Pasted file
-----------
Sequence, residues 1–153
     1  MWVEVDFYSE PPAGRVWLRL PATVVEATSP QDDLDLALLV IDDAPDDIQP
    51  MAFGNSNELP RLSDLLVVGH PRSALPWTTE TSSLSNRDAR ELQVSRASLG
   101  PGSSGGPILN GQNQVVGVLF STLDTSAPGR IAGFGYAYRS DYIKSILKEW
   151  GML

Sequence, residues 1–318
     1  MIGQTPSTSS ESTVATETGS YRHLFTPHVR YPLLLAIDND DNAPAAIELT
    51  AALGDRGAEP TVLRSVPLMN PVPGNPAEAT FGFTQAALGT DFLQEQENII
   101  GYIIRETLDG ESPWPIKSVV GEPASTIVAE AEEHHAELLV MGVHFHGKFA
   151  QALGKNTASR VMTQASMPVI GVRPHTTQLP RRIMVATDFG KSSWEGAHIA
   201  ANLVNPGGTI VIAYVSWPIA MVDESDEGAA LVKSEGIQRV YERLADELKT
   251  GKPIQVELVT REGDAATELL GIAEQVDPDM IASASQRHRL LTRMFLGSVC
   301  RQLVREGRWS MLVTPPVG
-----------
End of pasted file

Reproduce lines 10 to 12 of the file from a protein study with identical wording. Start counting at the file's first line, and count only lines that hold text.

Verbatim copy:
   151  QALGKNTASR VMTQASMPVI GVRPHTTQLP RRIMVATDFG KSSWEGAHIA
   201  ANLVNPGGTI VIAYVSWPIA MVDESDEGAA LVKSEGIQRV YERLADELKT
   251  GKPIQVELVT REGDAATELL GIAEQVDPDM IASASQRHRL LTRMFLGSVC